Lions Outgain Packers By 170 Yards But Lose, 28-26

Calvin Johnson makes a leaping touchdown catch over two Packers defenders.

Coming into today's game, I wrote the Lions' chances of winning off completely and thought they would get blown out of the stadium by the Packers. That was a huge mistake, though. The Lions put up a fight today in Green Bay and came up just short, losing by a score of 28-26.

Early on, despite lots of penalties, an untimely interception in the red zone (Jahvid Best fell down) and Aaron Rodgers torching Detroit's secondary, the Lions hung around and stayed in the game. In the second quarter, Detroit actually tied things up with a 23-yard pass from Shaun Hill to Calvin Johnson. Detroit was playing very well as the scoreboard showed.

Things started to go downhill in the rest of the second quarter after Aaron Rodgers threw a pair of rather quick touchdown passes (thanks in part to a Best fumble on the Lions' side of the field). Green Bay's lead ballooned to 14 points, and things were looking grim. At the end of the first half, though, Detroit put together a solid drive, and unlike last week where they ran the clock down and settled for a field goal, Hill threw a touchdown pass to Calvin Johnson. Johnson made the awesome grab in double coverage to cut the lead down to seven points. (Detroit had a chance at a 55-yard field goal after GB fumbled the ensuing kickoff, but Jason Hanson's kick was short.)

In the second half, things got off to an awful start, as Hill was picked off by Charles Woodson, who returned it 48 yards for a touchdown. Again the Lions were down two touchdowns, but they once again battled back, putting together good drives in the third quarter that resulted in two Hanson field goals.

The defense played extremely well in the fourth quarter and really the second half in general, forcing two interceptions. Also, the Lions forced and recovered another fumble in Green Bay territory on a kickoff. The fumble gave Detroit the ball with an excellent chance to take the lead. Unfortunately, the fumble, like the two interceptions, resulted in a field goal rather than a touchdown, which turned out to be the difference in this game.

After another stop, the Lions' offense got the ball back and had their drive stall just outside of field goal range. Woodson should have been called for pass interference, which would have kept the drive alive, but no flags were thrown. Green Bay took over after a Nick Harris punt and simply ran the final 6:32 off the clock to seal the 28-26 victory.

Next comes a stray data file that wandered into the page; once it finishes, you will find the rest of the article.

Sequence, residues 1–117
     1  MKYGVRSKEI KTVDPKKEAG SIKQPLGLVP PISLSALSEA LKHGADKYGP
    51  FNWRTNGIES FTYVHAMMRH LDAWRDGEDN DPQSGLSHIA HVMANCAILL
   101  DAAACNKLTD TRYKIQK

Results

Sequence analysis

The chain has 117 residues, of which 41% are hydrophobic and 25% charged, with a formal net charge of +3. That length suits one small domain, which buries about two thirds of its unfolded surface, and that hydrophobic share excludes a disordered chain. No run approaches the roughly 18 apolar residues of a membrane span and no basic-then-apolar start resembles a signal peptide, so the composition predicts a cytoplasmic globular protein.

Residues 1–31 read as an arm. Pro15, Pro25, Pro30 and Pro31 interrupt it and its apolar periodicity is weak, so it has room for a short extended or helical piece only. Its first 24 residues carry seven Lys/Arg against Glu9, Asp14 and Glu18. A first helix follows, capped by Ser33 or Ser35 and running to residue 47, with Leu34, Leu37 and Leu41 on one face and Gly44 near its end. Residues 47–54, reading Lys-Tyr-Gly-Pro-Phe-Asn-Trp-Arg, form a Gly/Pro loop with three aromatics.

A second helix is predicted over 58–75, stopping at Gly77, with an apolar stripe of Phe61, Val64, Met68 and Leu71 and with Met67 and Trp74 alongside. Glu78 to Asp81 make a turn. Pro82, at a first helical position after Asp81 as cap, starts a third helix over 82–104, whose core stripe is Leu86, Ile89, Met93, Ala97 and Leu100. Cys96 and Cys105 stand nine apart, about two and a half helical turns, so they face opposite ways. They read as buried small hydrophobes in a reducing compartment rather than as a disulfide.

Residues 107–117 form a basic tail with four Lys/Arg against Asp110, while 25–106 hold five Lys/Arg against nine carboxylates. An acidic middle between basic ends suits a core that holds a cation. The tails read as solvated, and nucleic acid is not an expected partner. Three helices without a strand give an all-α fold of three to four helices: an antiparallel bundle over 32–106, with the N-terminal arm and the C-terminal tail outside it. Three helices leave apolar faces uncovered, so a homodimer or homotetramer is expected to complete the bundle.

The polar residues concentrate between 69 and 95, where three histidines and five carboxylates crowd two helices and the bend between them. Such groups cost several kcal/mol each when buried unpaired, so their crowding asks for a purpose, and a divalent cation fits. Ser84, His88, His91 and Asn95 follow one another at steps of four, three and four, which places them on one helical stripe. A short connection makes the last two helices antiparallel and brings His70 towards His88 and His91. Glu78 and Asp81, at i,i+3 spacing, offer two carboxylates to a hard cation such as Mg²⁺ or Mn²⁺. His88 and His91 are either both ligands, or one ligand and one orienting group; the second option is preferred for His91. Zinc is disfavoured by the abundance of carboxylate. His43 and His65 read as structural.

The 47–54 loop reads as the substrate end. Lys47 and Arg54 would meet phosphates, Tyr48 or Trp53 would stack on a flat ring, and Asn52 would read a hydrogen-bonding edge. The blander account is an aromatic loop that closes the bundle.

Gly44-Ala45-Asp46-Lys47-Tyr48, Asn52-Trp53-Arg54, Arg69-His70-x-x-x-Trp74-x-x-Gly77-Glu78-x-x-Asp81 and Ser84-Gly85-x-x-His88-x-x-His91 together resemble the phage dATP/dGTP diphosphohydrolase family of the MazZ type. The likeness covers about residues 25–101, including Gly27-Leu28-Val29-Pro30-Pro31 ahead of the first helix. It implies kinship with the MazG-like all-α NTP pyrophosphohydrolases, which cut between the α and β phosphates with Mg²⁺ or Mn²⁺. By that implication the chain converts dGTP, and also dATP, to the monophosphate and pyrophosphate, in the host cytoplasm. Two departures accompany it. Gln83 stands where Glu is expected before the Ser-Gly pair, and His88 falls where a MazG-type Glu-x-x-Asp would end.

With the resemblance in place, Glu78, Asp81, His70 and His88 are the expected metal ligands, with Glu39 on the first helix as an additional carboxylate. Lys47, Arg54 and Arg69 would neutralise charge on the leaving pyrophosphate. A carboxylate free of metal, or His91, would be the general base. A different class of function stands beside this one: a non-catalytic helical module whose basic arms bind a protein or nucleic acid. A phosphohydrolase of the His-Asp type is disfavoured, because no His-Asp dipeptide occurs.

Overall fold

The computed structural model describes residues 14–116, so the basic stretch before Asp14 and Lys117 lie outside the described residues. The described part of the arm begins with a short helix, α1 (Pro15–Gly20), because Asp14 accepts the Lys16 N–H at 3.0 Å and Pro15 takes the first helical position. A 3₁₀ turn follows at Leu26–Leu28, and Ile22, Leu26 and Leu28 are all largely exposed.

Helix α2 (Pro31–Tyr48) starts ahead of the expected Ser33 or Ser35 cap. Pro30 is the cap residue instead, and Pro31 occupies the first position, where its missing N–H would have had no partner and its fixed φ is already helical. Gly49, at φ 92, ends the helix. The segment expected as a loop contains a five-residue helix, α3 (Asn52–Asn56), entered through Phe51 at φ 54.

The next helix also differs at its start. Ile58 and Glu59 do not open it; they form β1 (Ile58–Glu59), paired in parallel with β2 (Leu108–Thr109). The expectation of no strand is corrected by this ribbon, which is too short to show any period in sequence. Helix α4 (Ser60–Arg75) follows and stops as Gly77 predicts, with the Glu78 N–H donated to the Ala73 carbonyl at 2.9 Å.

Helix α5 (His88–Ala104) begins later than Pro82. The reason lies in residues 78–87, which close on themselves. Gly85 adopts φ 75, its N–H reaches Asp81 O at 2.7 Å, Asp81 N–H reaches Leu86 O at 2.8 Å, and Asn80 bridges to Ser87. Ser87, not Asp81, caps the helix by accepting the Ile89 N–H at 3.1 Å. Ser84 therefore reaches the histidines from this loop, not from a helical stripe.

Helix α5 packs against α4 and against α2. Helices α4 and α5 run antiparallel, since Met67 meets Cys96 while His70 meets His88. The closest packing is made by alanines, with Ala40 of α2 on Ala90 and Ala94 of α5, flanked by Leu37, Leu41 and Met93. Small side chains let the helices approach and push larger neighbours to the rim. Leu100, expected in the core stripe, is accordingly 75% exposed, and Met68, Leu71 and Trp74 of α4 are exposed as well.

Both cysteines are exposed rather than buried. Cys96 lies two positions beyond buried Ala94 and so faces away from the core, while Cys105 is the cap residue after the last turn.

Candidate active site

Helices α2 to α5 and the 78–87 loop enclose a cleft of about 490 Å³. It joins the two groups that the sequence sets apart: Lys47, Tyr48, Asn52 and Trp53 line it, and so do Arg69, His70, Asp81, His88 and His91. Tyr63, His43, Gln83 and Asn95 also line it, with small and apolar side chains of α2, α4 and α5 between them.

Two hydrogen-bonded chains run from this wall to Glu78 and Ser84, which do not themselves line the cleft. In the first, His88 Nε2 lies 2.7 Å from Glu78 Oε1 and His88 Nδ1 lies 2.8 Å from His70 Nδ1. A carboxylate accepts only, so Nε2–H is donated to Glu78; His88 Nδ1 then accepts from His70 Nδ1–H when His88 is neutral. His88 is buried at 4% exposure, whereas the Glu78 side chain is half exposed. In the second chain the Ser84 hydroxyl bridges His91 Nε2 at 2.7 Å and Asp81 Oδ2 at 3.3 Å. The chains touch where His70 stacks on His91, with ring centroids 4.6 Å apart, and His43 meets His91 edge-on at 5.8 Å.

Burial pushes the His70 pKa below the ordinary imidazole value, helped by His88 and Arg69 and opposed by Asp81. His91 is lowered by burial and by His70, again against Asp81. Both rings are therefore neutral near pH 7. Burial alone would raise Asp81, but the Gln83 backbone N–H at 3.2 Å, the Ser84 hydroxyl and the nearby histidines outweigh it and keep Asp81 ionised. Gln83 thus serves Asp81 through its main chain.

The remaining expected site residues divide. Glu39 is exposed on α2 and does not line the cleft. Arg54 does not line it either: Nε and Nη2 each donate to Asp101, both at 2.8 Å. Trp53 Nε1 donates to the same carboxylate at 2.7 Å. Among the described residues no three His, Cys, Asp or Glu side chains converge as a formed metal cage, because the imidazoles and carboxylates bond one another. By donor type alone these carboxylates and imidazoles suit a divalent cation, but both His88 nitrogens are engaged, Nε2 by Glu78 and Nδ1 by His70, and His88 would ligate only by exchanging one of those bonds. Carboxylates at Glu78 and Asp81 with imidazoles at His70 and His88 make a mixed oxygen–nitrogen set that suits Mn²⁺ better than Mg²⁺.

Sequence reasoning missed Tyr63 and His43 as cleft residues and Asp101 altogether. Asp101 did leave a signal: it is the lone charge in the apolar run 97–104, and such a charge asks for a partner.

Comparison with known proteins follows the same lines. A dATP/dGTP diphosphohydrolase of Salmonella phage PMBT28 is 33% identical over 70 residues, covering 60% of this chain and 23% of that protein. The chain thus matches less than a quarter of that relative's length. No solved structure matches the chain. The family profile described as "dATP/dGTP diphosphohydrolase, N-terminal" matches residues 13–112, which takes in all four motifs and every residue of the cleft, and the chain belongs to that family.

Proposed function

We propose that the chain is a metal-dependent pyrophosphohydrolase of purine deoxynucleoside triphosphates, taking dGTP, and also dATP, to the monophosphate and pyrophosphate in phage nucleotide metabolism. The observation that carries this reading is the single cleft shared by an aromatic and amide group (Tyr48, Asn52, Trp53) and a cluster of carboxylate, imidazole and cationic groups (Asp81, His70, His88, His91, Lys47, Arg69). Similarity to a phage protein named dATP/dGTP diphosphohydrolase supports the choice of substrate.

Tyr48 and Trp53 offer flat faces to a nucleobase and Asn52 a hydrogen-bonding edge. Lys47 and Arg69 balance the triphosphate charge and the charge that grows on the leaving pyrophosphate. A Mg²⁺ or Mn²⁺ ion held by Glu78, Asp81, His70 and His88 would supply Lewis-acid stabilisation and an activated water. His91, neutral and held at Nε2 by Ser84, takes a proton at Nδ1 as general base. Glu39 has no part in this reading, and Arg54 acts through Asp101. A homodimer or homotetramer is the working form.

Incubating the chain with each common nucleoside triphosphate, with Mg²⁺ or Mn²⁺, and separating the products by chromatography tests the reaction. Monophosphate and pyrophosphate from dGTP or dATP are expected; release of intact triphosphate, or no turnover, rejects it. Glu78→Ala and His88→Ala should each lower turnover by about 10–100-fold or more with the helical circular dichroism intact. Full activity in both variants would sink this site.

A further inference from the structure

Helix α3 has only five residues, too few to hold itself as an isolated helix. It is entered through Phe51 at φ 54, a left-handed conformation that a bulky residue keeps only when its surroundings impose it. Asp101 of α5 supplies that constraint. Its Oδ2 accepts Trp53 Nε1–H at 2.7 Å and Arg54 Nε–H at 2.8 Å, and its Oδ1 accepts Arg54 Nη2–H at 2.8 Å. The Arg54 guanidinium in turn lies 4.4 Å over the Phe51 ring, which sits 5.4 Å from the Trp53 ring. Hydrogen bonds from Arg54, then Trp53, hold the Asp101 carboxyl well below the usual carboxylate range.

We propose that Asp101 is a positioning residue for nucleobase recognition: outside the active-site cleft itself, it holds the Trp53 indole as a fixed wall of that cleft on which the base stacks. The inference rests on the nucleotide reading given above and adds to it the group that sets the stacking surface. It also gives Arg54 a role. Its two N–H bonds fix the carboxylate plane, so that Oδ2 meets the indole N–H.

Say what you want about some of the mistakes that were made today, such as the three turnovers or 13 penalties for 102 yards, but the Lions played an awesome game. They dominated Green Bay in the boxscore, outgaining them by 170 yards and controlling the ball for 37:37 compared to 22:23 for the Packers. If not for the untimely turnovers and settling for field goals instead of touchdowns, the Lions would have won this game by at least a couple touchdowns.

At the end of the day a win or loss is all that matters to some, which is understandable. However, this was the definition of a moral victory, as it showed some serious signs of hope going forward. The defense played an excellent game after being lit up by Rodgers in the first half, forcing four turnovers and giving the Lions' offense plenty of chances to put points on the board. And speaking of the offense, how about Shaun Hill? He completed 34 of 54 passes for 331 yards and two touchdowns and two interceptions. He also ran the ball four times for 53 yards and overall played a hell of a game.

Although it sucks that the Lions are off to a 0-4 start, at least we now have something positive to think about going forward. Many, myself included, expected Green Bay to blow out Detroit, but they played a hell of a game and nearly ended the losing streak in Wisconsin. I know it's not a win, but hopefully we can feel a little better about the Lions this upcoming week as we look ahead to Detroit's game with St. Louis next Sunday.

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